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I've an old table like this:

user> id | name | address | comments

And now I've to create an "alias" table to allow some users to have an alias name for some reasons. I've created a new table 'user_alias' like this:

user_alias> name | user

But now I have a problem due my poor SQL level... How to join both tables to generate something like this:

1 | my_name    | my_address    | my_comments
1 | my_alias   | my_address    | my_comments
2 | other_name | other_address | other_comments

I mean, I want to make a "SELECT..." query that returns in the same format as the "user" table ALL users and ALL alias.. Something like this:

SELECT user.* FROM user LEFT JOIN user_alias ON `user`=`id`

but it doesn't work for me..

share|improve this question
up vote 2 down vote accepted

Something like

SELECT user.name, user.address, user.comment FROM user
UNION ALL
SELECT user_alias.alias, user.address, user.comment 
   FROM user INNER JOIN user_alias on user.name = user_alias.name
ORDER BY name

will get you close to what you want.

You need to UNION two SELECTs together because the LEFT JOIN solution proposed by others will include only one row in the result set for users with aliases, not two as specified in your question.

But you should make the common column joining user and alias the id column, not the name column.

share|improve this answer
    
Perfect! This is the solution. I don't know if this is the best, but it works! Only a small mistake: SELECT user.name, user.address, user.comment FROM user UNION ALL SELECT user_alias.alias, user.address, user.comment FROM user INNER JOIN user_alias on user.id = user_alias.user ORDER BY name – Ivan Mar 23 '10 at 16:40
    
Oh, I see your JOIN now. You should rename user_alias.user to user_alias.user_id to make it clearer what's going on. – Larry Lustig Mar 23 '10 at 16:42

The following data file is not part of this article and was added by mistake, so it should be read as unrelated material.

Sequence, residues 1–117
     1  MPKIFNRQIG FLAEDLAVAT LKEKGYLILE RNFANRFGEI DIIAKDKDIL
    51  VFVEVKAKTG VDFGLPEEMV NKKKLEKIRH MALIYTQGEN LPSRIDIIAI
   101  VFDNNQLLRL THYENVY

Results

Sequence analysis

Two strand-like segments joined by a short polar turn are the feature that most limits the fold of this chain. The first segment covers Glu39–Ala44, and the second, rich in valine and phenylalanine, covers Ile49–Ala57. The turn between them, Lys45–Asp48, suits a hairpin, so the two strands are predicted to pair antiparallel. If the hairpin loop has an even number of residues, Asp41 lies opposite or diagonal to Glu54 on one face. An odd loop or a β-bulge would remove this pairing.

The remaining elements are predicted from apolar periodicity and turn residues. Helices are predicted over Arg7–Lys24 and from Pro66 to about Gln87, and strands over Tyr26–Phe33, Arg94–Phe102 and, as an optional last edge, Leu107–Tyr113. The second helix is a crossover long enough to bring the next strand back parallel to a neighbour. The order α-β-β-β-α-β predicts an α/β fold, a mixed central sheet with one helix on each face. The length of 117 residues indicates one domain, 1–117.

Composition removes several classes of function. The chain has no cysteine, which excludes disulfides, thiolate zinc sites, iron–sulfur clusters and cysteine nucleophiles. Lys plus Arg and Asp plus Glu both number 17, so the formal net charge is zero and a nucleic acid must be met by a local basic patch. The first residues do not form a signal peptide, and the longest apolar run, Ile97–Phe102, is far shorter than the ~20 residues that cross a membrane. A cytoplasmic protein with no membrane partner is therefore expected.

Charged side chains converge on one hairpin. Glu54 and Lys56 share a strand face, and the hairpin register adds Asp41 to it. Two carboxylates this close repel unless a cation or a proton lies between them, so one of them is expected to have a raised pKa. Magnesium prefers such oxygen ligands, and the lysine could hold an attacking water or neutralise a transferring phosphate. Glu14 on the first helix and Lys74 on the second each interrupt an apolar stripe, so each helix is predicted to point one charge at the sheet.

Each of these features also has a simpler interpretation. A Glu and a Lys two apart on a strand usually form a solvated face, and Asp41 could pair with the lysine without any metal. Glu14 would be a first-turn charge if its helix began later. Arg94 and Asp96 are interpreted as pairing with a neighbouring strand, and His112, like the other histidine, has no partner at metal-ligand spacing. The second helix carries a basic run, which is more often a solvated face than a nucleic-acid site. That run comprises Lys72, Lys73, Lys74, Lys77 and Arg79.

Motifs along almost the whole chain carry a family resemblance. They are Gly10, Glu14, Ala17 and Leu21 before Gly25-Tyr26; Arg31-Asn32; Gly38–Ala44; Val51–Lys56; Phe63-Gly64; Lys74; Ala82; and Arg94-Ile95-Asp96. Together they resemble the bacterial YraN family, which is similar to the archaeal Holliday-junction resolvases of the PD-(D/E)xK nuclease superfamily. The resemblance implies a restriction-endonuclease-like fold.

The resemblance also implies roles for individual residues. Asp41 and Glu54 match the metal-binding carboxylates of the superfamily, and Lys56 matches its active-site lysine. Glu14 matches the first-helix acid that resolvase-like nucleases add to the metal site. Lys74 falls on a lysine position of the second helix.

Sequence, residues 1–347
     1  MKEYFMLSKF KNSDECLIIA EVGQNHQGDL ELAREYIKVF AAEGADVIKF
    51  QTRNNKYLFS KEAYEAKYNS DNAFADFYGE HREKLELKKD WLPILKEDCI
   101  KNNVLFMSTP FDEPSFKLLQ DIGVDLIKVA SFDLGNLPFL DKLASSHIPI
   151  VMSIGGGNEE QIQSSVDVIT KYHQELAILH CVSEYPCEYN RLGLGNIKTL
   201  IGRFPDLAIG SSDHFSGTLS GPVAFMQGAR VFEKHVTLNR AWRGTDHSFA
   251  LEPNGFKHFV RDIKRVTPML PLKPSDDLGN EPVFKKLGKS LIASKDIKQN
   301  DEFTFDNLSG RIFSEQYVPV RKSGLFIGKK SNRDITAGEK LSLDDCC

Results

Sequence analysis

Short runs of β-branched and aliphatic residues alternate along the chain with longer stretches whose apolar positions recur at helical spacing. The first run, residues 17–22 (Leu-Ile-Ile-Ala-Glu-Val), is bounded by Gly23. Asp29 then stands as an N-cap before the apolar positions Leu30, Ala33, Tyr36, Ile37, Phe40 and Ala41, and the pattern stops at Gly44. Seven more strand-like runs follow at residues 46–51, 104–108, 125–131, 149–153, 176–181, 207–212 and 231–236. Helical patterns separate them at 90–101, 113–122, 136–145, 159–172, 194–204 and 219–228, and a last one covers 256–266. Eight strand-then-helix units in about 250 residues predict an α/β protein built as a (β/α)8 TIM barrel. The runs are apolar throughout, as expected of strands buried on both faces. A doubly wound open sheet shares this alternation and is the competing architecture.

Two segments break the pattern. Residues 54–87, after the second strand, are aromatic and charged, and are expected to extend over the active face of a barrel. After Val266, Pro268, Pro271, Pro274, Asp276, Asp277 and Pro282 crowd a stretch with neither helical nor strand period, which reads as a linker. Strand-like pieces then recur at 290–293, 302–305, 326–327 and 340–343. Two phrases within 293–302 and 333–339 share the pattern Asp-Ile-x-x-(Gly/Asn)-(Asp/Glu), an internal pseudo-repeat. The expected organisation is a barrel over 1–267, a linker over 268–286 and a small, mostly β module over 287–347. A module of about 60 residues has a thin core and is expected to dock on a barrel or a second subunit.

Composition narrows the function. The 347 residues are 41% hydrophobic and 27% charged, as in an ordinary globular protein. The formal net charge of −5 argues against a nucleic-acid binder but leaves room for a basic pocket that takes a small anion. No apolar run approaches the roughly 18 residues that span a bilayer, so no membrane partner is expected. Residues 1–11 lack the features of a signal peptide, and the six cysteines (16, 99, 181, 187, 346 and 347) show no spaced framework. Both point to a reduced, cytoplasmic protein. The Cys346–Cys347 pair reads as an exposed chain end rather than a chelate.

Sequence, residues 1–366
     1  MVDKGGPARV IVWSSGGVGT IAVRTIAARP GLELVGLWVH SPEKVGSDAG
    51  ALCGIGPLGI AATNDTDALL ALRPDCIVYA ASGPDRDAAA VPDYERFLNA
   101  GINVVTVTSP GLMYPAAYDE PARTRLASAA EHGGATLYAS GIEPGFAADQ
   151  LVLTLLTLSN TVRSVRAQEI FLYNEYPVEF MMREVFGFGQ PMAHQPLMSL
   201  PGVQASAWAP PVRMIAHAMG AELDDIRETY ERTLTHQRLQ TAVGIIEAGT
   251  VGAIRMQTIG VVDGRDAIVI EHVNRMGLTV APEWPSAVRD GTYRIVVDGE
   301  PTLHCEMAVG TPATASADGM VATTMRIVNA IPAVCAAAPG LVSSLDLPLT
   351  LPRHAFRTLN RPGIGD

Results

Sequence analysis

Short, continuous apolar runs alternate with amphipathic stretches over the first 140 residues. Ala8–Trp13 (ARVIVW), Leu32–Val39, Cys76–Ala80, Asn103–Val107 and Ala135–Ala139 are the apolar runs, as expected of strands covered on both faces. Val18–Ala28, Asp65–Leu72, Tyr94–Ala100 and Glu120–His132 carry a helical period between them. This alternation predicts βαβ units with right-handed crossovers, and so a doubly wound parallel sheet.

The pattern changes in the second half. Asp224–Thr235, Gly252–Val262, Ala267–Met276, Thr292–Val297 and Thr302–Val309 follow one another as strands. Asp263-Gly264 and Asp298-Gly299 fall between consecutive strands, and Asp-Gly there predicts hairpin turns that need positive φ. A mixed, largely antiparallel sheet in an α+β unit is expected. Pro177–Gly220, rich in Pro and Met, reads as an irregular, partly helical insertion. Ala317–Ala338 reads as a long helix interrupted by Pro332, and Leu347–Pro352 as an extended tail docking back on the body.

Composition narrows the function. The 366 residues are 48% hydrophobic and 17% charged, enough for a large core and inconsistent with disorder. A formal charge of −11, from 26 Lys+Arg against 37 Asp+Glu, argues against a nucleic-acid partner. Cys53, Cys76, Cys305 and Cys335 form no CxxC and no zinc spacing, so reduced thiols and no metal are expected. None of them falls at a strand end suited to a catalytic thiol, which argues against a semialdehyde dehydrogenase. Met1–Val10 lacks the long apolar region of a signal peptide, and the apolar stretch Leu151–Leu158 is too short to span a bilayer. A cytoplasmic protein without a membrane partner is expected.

I think you need something like this:

SELECT user.*
FROM user
LEFT JOIN user_alias
ON user.name=user_alias.name

Your original query was not specific enough in the join condition.

share|improve this answer
    
This produces only a single row for id = 1, not two as requested. – Larry Lustig Mar 23 '10 at 16:26
    
Yes, not working.. – Ivan Mar 23 '10 at 16:29
    
Ivan, see my answer, below. – Larry Lustig Mar 23 '10 at 16:34
SELECT user.* FROM user LEFT JOIN user_alias ON user.name = user_alias.name
share|improve this answer

First of all - the query you want to build is not trivial, because you are trying to get some results spanned across more than one row. So I will offer you a proper solution in a fashion like it should be (read: in a way a database developer will do this :-).

First, you should modify your user_alias table so that it will contain id column but not the name. It is not good idea to join your tables using the name field. The reason for this is that there could be two Sarah Connors.

Then, you can get results from both tables using this query:

SELECT user.*, user_alias.*
FROM user LEFT JOIN user_alias
ON user.id=user_alias.id

This way you will get your results in such format:

id | name         | address      | comments   | user
-------------------------------------------------------------
 1 | Sarah Connor | Planet Earth | Nice woman | sarah_connor
 2 | Sarah Connor | USA, NY      | Mean woman | sarah_c
 3 | John Connor  | USA, NY      | n00b       | john123

In the situations when there are two or more records in user_alias table for the same person (equal id's), you will get something like this:

id | name         | address      | comments   | user
-------------------------------------------------------------
 4 | Bill Clinton | White House  | President  | bill
 4 | Bill Clinton | White House  | President  | monica
share|improve this answer
    
The problem is that in situations where there is only one alias on file, you will return only one row in the result set. But the OP wants two rows returned (the user row and a separate row combining the alias from user_alias with the address and comment from the matching user row). – Larry Lustig Mar 23 '10 at 16:34
    
More generally, the problem is that when there are any aliases at all on file, you will not return the original unaliased row from the user table. – Larry Lustig Mar 23 '10 at 16:39

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